AI: Are we All In?


If your feed is anything like ours, the last few months have been overflowing with posts exploring and marvelling at what the new wave of AI engines can do with a few simple words.

Whatever you might wonder could be fed into your laptop and 30 seconds later you have an answer: 

What would I look like as an anime character? Let’s go Lensa.

A two thousand word essay on whether Twilight is a better movie trilogy than Blade to settle an in-studio debate? Ready to read in superhuman speed. 

A weirdly specific photograph of a dog riding a skateboard into the sunset? No sweat dude.


If your curiosity is anything like ours, the latest potential AI presents is really exciting. 

It’s worth mentioning at this point that AI isn’t new, it’s just gotten smarter. It already interacts with and learns from our everyday lives more than you think. Various forms of AI shape our social feeds and get us home faster at the end of the day. At work it helps write emails and generate data on where our campaign might be best placed. But it's the more recent accessibility to generative AI that's causing a stir. This is the AI that's generating imagery, art and writing that's hard to distinguish from what was made by human hands. It's ability is staggering and now open to everyone. 

Maybe this is just the latest advancement that soon becomes just another tool in the toolbelt, but when you’re on the cutting edge there is bound to be blood. Like anything else, the machines need something to learn from. Something to distinguish tops from tails, hands from feet, Picasso from Pixar. AI needs examples, and the internet is full of them ready for consumption under the old ask-forgiveness-instead-of-permission method. How AI develops and learns from human creators presents an ethical and legal minefield, with many creators rightfully angered that what they’ve spent years honing is now available at the click of a button. Should you claim to have written and illustrated a book if AI did all the groundwork? Who’s work inspired the AI’s development? Or is this just a new way of making creation accessible to more minds? 

AI sure seemed simpler to understand in Terminator. And as a traditional creator it’s easy to feel threatened by such a revolutionary change, both from a philosophical and practical standpoint. We already have AI generated artwork, music and even supermodels.

If we allow ourselves to think past the shiny newness and obvious potential problems this technology presents, the excitement starts to return. Like the more familiar forms of AI in our day to day lives, we wondered how this latest incarnation might benefit creative industries. And more specifically, could this latest AI revolution be helpful inside Hive’s walls? Is there a place for this in our work and process?

After a lot of thinking and some exploration, we came to the realisation the benefit of AI just might be exactly that, increased time for us to think. Could it reduce our time spent searching and give us more time to explore? In our studio, time is valuable and in a busy, agile world there isn’t much to go around. Imagine if the same way AI already trims time writing emails, it also might offer us the chance to think a little longer or deeper on a creative solution. This would have real benefit for our creatives, our work and our clients.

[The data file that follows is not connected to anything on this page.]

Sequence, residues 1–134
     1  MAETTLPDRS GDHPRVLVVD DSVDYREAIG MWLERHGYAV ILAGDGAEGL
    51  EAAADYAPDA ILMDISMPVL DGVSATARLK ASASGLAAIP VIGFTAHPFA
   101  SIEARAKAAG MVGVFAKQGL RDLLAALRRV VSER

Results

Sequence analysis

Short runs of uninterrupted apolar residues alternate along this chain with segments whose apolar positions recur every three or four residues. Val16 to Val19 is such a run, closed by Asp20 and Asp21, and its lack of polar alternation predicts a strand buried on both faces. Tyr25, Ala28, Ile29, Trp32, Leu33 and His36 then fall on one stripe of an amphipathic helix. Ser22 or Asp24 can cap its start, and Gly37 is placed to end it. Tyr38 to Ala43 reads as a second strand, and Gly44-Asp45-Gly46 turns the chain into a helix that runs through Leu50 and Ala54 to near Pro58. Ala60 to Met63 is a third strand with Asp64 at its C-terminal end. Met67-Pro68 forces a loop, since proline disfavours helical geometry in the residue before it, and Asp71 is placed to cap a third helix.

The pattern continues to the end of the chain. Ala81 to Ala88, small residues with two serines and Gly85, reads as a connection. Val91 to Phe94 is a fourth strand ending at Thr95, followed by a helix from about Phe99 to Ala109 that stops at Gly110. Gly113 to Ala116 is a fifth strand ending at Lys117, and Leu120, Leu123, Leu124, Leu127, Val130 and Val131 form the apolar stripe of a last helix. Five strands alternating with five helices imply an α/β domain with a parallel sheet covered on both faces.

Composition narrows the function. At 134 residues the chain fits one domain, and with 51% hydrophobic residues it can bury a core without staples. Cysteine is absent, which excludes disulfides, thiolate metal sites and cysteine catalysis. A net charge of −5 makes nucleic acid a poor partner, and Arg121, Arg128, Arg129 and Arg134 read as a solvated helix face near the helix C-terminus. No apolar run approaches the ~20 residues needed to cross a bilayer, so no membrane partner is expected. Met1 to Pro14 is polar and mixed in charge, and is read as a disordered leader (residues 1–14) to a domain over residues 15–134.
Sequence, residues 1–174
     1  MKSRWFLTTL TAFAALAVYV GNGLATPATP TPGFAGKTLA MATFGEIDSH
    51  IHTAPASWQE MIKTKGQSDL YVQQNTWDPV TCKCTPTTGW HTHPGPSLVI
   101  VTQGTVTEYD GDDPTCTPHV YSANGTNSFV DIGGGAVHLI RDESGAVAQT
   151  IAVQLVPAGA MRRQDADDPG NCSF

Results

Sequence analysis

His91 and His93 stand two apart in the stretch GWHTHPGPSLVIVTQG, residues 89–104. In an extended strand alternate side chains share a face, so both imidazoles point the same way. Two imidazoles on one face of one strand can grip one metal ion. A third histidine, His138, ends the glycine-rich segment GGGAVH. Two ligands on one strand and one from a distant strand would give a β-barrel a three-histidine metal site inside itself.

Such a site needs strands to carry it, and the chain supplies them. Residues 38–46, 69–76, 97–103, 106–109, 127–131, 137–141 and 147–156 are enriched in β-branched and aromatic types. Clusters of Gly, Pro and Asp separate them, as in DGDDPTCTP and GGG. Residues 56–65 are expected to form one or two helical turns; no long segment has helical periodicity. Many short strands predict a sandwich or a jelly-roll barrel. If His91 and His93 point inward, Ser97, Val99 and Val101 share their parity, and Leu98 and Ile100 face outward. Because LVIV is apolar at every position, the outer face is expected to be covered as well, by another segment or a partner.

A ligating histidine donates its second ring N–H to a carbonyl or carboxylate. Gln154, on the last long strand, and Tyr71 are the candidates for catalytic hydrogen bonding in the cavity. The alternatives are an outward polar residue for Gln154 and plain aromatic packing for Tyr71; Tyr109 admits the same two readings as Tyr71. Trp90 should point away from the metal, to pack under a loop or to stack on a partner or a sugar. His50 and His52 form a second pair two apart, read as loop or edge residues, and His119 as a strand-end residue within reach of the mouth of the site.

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Another test, using a real world brief to visualise our concept. Rough, but heading up the right hill. 

AI can’t dream up the ideal creative solution for a complex strategic campaign, but it could help visualise the loose idea more efficiently to a client. 

AI won’t replace the expertise, knowledge and flexibility of a photographer on a shoot, but it might help inform an angle otherwise not considered before we aim the camera. 

It could allow left field creative ideas previously considered too crazy, too late or too big to be explored with little risk, instead of being buried in the notebook. The potential here is very exciting and we are looking at the just tip of the iceberg. 

The sky is the limit but it’s obvious the output needs to be considered. In our world of creative problem solving the combination of words, colour, imagery and tone all need to work seamlessly and be handled with care. Several news outlets and websites have proven this, and even our skateboarding dog is heading towards two sunsets. As exciting as it is, generative AI is still a tool that needs human input, guidance and review. 

We should be careful what we use it for, and it is absolutely important where the inspiration comes from. But if it can allow more quality creative thought, better ideas and more time doing what matters, we’ll jump on the skateboard and head towards the double sun.


Caino (no-one at Hive calls him Michael) leads our creative team with over 17 years of communications and design experience accumulated across many different industries. From toy design to advertising and everything in between, Caino has thrived in solving varied visual and communicative problems for many leading brands and their customers.


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